Closing Date: 15 March 2021
Cell division is fundamental to life and errors can result in abnormal chromosomal numbers, developmental defects, and cancers. Similarities in the structural and molecular organization of the division apparatus gives the textbook picture, that mechanisms underlying division, including formation and constriction of an actomyosin contractile ring, do not vary between cell and organism types. However, recent research and clinical findings suggest that there is a previously un-appreciated variation in the molecular requirement for cytokinesis to occur, as depletion or mutation of several ‘essential’ proteins only disrupt division in specific cell-types and lineages.
During C. elegans development each cell has a specific identity and gives rise to different cell lineages. Furthermore, the factors that control cell identity have been well mapped by decades of detailed developmental biology. Therefore, it is an excellent multicellular system for observing the interaction between cell identity and cytokinetic perturbation in genetically identical, but functionally variable cells.
This PhD project will use the C. elegans model system and state of the art confocal microscopy to image cytokinesis, tracking the outcome of this rapid and dynamic cellular process, and quantifying localisation of fluorescently labelled cytokinetic proteins, while perturbing different aspects of cell identity. During the PhD, the student will receive training in live-cell fluorescence microscopy and image analysis, as well as general molecular and cell biology techniques and C. elegans genetics and transgenesis (via MosSCI and CRISPR). Furthermore, they will have the opportunity to take part in DTP-wide training and networking events, an external research placement, and attend conferences.
HOW TO APPLY
Applications should be made by emailing firstname.lastname@example.org with a CV (including contact details of at least two academic (or other relevant) referees), and a covering letter – including whatever additional information you feel is pertinent to your application; you may wish to indicate, for example, why you are particularly interested in the selected project and at the selected University. Applications not meeting these criteria will be rejected.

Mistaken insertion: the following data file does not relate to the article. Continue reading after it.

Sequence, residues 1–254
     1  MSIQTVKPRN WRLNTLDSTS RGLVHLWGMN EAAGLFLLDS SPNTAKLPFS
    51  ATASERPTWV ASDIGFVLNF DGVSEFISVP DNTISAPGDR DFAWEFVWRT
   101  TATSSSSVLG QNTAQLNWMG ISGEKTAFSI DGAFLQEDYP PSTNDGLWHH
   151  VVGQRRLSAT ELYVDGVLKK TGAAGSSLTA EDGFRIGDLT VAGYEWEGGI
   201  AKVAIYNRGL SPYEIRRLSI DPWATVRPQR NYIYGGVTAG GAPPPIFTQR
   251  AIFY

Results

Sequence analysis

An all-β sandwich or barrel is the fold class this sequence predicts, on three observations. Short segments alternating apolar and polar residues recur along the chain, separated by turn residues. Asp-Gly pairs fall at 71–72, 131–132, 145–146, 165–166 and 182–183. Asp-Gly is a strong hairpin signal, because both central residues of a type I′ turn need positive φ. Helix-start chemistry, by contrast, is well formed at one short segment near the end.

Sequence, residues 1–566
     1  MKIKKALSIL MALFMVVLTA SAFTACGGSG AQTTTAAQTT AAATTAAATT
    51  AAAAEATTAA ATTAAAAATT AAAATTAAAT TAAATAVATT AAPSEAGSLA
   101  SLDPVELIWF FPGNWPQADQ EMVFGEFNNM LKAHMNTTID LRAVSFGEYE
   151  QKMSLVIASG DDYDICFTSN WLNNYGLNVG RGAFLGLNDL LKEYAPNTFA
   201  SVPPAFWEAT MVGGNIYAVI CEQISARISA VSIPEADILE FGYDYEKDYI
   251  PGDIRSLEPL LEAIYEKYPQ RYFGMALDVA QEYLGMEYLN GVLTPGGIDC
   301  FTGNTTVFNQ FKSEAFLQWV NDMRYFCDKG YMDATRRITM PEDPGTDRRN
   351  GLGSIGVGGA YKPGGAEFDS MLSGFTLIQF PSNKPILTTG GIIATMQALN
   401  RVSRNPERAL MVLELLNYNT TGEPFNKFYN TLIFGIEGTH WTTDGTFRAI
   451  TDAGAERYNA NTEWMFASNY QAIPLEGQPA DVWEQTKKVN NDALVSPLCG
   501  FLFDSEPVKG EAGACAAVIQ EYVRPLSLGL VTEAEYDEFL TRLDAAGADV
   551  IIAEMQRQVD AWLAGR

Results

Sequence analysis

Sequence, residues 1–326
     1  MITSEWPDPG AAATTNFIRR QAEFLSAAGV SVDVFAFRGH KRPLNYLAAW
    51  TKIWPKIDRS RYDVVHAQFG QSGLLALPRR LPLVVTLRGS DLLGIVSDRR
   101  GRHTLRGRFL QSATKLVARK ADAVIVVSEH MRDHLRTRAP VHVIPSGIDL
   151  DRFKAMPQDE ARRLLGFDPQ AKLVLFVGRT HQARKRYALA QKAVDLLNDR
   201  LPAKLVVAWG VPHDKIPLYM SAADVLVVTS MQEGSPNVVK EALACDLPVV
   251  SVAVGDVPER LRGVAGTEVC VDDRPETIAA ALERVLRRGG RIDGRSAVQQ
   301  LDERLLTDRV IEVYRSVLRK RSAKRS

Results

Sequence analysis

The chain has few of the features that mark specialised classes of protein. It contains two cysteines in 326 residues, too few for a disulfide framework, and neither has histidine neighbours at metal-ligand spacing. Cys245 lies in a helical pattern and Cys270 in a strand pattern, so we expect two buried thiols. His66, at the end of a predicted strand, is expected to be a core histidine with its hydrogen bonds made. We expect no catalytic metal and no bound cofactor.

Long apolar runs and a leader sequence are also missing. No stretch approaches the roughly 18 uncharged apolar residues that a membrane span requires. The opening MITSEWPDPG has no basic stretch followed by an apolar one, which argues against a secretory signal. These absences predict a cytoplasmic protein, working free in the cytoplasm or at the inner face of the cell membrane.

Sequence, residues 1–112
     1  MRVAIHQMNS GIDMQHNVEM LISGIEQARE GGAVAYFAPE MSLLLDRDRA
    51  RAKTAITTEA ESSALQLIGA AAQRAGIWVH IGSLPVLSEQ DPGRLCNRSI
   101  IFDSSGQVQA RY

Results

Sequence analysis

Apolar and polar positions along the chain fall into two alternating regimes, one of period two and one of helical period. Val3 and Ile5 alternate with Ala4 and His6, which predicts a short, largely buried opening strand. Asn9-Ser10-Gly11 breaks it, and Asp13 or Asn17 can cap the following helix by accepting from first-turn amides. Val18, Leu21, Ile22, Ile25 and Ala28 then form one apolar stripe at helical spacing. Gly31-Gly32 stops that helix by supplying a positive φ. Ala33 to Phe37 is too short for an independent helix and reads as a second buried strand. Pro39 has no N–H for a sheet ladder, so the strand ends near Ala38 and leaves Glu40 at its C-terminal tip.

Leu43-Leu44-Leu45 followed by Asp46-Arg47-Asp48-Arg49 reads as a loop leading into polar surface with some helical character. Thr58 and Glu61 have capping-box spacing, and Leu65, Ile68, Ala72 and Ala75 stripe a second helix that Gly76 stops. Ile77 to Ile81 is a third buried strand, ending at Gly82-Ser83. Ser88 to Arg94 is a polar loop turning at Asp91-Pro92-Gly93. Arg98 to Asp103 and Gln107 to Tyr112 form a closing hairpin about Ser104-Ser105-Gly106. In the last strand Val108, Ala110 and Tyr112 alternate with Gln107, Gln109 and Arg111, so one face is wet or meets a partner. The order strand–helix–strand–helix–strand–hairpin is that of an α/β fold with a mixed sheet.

In addition to the CV and covering letter, please email a completed copy of the Additional Details Form (Word document) to email@example.com. A blank copy of this form can be found at: https://www.nld-dtp.org.uk/how-apply.
Informal enquiries may be made to firstname.lastname@example.org
Please note that the closing date for applications is Monday 18th May at 12noon.
This is a 4 year BBSRC studentship under the Newcastle-Liverpool-Durham DTP. The successful applicant will receive research costs, tuition fees and stipend (£15,009 for 2019-20). The PhD will start in October 2020. Applicants should have, or be expecting to receive, a 2.1 Hons degree (or equivalent) in a relevant subject. EU candidates must have been resident in the UK for 3 years in order to receive full support. Please note, there are 2 stages to the application process.
1) Cell-intrinsic and -extrinsic mechanisms promote cell-type-specific cytokinetic diversity. 2018 eLife 2018;7:e36204
2) FLIRT: Fast Local InfraRed Thermogenetics for subcellular control of protein function. 2018 Nature Methods (15) 921–923
3) Using fast-acting temperature sensitive temperature sensitive mutants to study cell division in Caenorhabditis elegans. 2017 Methods in Cell Biology (137) 283-306
4) Cortical PAR polarity proteins promote robust cytokinesis during asymmetric cell division. 2016 Journal of Cell Biology (212) 39 – 49
5) High-Resolution Temporal Analysis Reveals a Functional Timeline for the Molecular Regulation of Cytokinesis. 2014 Developmental Cell (30) 209 – 223
6) aPKC cycles between functionally distinct PAR protein assemblies to drive cell polarity. 2017 Developmental Cell (4):400-415.e9
7) Systematic Genetic Interaction Screening Uncovers Cell Polarity Regulators and Functional Redundancy. 2012 Nature Cell Biology 15(1): 103-112